We start rather late from Sorjushytta and start hiking steep up into the norwegian mountains. It´s still quite wet after the rain yesterday and there are many smaller rivers to cross. Norway is really different from Sweden when it comes to hiking! The weather is better than yesterday but there is still no chance to see the surrounding glaciers. After little more than three hours of walking we arrive at Ny-Sulitjelma fjellstue and get lucky enough to catch a ride down into the village to go shopping. The friendly local who took us down even brings us up again! So lucky we are! This would have otherwise taken us several hours, since the hut is several kilometers and many height meters away.

In the evening we enjoy ourselves with tacos, chips, a fresh salad and some internet.

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Day 13 – 16km/ 5 hours

We start the day along the gravel road that belongs to Vattenfall´s power plant in lake Lomivatnet. It has turned really warm again and I´m sweating loads as we walk uphill- also the mosquitos have come out again. It really seems like you can only chose between getting stung by mosquitos or standing in rain and storm.

After five kilometers the gravel road stops and we continue on a marked trail along the shore of Lomivatnet and later Muorkivatnet. The hut finally comes in sight and it´s one of the most beautiful places I have been to. The water is crystal clear, the hut is cozy and in good condition and the views over the glacier are incredible. I could stay here forever!

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Day 14 – 11km/ 4 hours

After sleeping in again we continue our journey back over the Swedish border. The border is not marked, and so is the trail on the Swedish side. Although this is Nordkalottleden, there are apparently very few people walking here. Sometimes I spot a little red dot on a rock here or there but the trail itself is not existent. Finding the way is not so easy but we know in which direction to walk. Stumbeling around in the high grass, between bushes, head high flowers and small forests, the few kilometers we have to walk today, take their time. Closer to Pieskehaure huts the trail appears again and now it´s only the countless mosquitos and the burning sun that make this stage a bit tedious.

Pieskehaure huts are very big and feel a bit odd, cause almost nobody stays here in summertime. Apparently the place is a big hit in winter, as all the snowscooter drivers pass by here to chill in the sauna and drink beer.

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Day 15- 19km/6 hours

Now it´s 10.30 pm and I´m lying in my tent next to Vaimok hut. The huts location is marvelous, next to one of Sweden´s clearest lakes (they say you can look 17m deep). This already feel like a place I will want to return to. The warden told me that we are the first people coming past here in four days and that there haven´t been more than ten people so far this summer. Incredible that almost everyone is trampeling up and down Kungsleden and jewels like this exist with hardly anyone around.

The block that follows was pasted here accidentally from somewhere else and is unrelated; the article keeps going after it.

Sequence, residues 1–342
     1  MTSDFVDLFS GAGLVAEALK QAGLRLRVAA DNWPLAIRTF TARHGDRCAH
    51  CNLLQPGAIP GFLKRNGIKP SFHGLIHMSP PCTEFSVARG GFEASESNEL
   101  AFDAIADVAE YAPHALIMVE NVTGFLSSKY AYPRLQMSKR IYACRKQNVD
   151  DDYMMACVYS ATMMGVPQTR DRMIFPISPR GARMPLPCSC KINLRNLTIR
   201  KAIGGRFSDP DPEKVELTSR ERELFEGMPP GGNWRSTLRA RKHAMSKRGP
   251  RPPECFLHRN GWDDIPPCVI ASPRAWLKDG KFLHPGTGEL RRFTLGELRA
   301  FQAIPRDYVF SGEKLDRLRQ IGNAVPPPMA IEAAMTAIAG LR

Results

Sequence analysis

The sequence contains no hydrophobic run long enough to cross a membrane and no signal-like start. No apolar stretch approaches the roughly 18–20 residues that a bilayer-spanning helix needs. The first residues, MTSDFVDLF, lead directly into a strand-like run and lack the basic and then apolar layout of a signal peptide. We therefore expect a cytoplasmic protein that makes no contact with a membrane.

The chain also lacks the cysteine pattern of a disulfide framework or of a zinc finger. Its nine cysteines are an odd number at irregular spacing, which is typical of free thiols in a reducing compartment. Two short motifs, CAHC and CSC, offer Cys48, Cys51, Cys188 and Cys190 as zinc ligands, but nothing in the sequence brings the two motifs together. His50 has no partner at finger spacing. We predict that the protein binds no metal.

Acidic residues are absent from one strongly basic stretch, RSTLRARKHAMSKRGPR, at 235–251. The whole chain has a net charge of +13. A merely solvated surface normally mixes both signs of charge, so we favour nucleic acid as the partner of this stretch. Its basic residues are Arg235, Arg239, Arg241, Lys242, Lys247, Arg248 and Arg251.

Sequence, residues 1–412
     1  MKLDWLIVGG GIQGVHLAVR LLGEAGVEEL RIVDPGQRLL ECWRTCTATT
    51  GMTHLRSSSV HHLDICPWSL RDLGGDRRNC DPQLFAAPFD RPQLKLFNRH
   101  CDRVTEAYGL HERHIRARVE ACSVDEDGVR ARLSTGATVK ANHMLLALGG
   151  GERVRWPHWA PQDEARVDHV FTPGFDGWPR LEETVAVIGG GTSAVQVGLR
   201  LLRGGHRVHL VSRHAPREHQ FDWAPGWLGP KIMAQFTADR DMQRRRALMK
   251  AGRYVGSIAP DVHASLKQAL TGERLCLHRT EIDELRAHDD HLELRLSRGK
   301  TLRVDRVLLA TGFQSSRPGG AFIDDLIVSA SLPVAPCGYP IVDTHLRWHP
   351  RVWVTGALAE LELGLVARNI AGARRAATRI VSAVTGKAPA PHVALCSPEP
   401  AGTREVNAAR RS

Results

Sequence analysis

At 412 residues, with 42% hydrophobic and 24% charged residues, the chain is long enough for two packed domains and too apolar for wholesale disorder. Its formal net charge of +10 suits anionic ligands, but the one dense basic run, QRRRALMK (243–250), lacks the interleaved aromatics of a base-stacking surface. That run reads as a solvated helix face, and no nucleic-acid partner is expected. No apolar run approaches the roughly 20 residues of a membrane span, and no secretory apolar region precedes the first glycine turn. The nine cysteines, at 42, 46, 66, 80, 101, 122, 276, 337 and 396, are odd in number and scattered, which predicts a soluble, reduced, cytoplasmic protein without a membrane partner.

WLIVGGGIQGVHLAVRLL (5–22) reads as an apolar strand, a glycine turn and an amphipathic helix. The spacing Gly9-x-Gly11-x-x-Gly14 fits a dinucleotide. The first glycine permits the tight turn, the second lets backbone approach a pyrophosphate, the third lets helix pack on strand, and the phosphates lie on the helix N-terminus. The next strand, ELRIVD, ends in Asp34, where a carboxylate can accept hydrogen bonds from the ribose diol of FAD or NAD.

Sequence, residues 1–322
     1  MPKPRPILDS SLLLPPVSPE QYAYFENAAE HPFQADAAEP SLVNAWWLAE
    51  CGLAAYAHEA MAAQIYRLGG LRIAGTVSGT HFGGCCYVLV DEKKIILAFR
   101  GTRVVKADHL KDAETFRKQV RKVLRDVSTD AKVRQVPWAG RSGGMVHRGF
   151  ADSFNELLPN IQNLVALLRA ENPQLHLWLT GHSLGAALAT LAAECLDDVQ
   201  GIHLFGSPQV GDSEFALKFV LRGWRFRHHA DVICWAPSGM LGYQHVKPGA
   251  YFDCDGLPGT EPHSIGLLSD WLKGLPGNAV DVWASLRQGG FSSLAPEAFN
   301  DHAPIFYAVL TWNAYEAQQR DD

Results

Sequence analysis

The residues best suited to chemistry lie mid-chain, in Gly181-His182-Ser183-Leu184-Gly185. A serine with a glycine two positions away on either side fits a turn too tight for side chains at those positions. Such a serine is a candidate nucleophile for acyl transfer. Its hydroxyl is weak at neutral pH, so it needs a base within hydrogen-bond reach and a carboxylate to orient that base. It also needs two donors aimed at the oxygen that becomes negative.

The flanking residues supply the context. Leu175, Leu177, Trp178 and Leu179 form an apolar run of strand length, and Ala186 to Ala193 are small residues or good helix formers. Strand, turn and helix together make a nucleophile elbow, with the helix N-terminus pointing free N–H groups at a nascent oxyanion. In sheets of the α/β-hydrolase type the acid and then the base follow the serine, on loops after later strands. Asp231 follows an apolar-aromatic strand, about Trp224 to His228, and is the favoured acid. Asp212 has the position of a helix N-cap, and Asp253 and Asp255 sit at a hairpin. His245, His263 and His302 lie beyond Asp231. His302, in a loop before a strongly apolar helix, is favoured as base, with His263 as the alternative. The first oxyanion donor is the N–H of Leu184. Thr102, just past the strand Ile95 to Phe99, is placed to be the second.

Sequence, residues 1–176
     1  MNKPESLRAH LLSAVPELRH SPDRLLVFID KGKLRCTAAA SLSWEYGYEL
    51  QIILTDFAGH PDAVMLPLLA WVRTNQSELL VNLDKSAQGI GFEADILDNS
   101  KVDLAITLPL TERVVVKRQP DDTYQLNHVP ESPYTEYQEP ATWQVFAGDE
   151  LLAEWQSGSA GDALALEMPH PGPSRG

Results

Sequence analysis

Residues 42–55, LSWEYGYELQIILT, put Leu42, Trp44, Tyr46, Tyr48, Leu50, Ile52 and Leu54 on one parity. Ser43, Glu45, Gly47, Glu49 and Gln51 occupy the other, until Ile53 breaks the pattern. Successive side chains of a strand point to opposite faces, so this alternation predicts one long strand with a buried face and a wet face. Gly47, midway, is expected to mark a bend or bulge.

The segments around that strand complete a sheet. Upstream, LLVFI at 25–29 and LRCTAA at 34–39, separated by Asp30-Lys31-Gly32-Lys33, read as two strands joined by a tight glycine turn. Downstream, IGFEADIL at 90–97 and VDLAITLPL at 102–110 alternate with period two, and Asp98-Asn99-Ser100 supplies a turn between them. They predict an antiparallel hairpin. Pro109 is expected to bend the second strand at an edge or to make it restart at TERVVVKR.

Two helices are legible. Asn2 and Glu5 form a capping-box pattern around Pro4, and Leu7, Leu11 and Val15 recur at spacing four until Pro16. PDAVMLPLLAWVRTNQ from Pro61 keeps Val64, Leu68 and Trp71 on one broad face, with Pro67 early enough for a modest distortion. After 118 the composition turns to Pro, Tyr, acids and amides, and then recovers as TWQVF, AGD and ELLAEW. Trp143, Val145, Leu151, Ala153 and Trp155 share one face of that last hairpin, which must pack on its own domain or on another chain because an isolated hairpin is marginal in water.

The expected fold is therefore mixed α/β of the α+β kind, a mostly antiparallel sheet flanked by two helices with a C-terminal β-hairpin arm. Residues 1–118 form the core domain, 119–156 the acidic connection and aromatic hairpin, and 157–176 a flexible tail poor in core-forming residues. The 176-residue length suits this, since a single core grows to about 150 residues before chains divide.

The hike here was rather strenuous ands long, mostly upphill. The terrain is not so distinct but there are smaller rocky hills all over the place. I definitely would not want to walk here in fog, it would be so easy to get lost! The last stretch before arriving at the huts is a real challenge: up and over a smaller mountain, about 300 height meters.

In the morning I didn´t feel like hiking it all, like somebody pulled on my backpack. I just felt like resting somewhere in the shadow and not being out in the sun all day. But after we had done more than half of the distance and sat down for a nice lunch, my motivation came back.

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Day 16 – 10km/ 3 hours

Today we decided to stay at the hut to escape the worst heat. We did some fishing and caught quite a lot of small trouts. Most of them to tiny to keep them. I guess the big ones are not so easy to trick and also stay deeper in the lake with these temperatues. The water is so clear that I could see the lure all the time and all the fish following it.

In the afternoon we continued towards Tarrekaise and Padjelantaleden and walked to a rest shelter named Kurajaure, about halfways. Again, incredibly many mosquitos.

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Day 17 – 20 km/ 5 hours

The way down into the valley of Tarradalen was very easy and downhill for many kilometers. I was looking forward to get onto Padjelantaleden, which really feels like a highway, compared to where we had walked for the last days. Tarradalen is what I would like to describe as a ´green hell´- bushes and plants have overgrown everything, the trail feels like it´s located in the djungle instead of the arctic.

After arriving on Padjelantaleden trail we walked to Tarrekaise hut, where we had lunch and continued another 6km to Njunjes, the southernmost hut on the trail. On the way I stepped on a snake, which was hidden under the thick vegetation and lying right on the path. As I heard later, it is even venemous, but fortunately it wasn´t interested in biting me.

Day 18 – 13km/ 3 hours

Now the last day of this trip has come! Since the last three kilometers to Kvikkjokk are done by boat, we had to adapt to the boat schedule and walked further south in Tarradalen quite early in the morning. The walking was easy but the warm air, the dense vegetation and the mosquitos were suffocating me. I´m happy that most of our hike was spent over the treeline.

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A well deserved fresh meal after days and days of freeze dried food and plain water! 🙂